Shaping the Future of Power
Knowledge Production and Network-Building in China-Africa Relations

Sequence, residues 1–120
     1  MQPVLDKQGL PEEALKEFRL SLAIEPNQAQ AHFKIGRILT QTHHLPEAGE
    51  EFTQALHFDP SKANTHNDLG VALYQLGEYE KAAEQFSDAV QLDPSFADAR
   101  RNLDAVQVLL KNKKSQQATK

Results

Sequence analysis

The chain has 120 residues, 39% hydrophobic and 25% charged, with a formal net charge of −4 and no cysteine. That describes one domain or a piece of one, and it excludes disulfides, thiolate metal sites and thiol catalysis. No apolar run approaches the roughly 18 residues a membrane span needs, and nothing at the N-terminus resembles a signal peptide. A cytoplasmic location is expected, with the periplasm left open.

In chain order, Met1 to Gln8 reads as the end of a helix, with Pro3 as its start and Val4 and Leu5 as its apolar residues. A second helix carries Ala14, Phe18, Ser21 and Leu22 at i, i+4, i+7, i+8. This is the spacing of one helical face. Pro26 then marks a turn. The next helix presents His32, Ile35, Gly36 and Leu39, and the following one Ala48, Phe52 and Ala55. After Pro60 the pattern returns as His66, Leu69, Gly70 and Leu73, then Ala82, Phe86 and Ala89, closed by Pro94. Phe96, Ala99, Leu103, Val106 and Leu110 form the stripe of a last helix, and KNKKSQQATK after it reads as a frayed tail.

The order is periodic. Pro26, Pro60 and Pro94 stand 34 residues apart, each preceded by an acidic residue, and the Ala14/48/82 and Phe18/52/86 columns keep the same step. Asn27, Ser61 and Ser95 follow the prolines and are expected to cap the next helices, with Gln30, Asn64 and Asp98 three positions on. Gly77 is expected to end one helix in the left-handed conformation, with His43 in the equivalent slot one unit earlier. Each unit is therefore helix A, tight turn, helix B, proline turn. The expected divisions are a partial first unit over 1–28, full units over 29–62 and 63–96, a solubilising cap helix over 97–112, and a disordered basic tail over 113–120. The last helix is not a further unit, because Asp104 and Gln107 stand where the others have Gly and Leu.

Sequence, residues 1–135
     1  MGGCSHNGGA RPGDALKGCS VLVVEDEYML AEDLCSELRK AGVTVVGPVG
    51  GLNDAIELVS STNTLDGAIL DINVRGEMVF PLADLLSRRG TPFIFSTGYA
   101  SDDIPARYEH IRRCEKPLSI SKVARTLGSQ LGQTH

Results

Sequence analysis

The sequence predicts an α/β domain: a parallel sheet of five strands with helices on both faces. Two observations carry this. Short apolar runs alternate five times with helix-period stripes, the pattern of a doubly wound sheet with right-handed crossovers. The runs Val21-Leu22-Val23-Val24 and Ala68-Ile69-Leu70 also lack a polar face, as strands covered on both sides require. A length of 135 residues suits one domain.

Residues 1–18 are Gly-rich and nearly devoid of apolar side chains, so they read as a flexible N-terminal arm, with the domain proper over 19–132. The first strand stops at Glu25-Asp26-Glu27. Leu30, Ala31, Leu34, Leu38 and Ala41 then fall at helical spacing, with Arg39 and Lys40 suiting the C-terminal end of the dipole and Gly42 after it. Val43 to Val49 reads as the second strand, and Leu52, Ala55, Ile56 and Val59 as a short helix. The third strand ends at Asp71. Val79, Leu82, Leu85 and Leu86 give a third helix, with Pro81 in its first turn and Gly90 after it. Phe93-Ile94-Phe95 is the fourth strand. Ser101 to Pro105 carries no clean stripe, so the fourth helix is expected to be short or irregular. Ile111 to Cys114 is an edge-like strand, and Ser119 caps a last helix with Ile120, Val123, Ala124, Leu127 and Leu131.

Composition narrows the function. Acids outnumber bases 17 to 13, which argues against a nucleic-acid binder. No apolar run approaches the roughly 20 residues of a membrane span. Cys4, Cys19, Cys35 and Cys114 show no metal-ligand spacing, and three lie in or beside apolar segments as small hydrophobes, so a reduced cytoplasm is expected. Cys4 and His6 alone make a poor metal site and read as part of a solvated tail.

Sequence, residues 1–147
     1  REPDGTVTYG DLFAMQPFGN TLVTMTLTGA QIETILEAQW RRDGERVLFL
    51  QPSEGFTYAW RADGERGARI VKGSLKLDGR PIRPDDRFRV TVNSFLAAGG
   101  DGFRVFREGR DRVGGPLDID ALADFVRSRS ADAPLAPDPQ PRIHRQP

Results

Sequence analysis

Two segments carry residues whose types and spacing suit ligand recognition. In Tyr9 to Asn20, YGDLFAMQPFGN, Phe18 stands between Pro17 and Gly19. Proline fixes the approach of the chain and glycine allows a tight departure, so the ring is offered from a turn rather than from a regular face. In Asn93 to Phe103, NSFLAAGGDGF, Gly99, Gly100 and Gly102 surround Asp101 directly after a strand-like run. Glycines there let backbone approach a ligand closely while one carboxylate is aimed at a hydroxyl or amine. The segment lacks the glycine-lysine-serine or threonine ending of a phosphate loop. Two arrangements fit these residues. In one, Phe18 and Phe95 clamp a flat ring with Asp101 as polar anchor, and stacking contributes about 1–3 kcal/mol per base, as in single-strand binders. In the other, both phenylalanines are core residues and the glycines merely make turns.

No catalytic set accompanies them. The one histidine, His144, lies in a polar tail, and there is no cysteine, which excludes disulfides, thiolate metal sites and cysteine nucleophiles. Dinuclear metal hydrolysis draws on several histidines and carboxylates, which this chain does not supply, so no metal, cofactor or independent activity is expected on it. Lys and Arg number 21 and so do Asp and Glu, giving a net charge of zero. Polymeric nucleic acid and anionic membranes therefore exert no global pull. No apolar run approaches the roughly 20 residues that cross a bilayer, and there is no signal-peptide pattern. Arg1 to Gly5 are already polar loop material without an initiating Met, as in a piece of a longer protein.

China’s rise to power is one of the biggest questions in International Relations theory (IRT) and foreign policy circles. Although power has been a core concept of IRT for a long time, the faces and mechanisms of power as it relates to Chinese foreign policymaking has changed the contours of that debate. The rise of China and other powers across the global political arena sparks a new visibility for different kinds of encounters between states, particularly between China and other Global South states. These encounters are more visible to IR scholars because of the increasing influence that rising powers have in the international system. This book shows that foreign policy encounters between rising powers and Global South states do not necessarily exhibit the same logics, behaviors, or investment strategies of Euro-American hegemons. Instead, they have distinctive features that require new theoretical frameworks for analysis. Shaping the Future of Power probes the types of power mechanisms that build, diffuse, and project China’s power in Africa. One must take into account the processes of knowledge production, social capital formation, and skills transfers that Chinese foreign policy directs toward African states to fully understand China’s power-building mechanisms. The relational power framework requires these elements to capture both the material aspects and ideational people-centered aspects to power. By examining China’s investments in human resource development programs for Africa, the book reveals a vital, yet undertheorized, aspect of China’s foreign policy making.
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